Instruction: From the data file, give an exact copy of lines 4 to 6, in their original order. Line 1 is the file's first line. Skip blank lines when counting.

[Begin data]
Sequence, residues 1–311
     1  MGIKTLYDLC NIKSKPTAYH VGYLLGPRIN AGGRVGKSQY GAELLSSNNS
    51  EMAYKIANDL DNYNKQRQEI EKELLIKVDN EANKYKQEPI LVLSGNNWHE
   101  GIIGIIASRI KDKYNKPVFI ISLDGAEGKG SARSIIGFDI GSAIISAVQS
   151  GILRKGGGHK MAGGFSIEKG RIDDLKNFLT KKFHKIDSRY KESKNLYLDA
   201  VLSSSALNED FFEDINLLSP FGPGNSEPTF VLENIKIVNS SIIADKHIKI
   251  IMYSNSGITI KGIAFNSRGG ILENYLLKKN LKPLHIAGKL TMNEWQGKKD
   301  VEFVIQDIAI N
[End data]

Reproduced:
   101  GIIGIIASRI KDKYNKPVFI ISLDGAEGKG SARSIIGFDI GSAIISAVQS
   151  GILRKGGGHK MAGGFSIEKG RIDDLKNFLT KKFHKIDSRY KESKNLYLDA
   201  VLSSSALNED FFEDINLLSP FGPGNSEPTF VLENIKIVNS SIIADKHIKI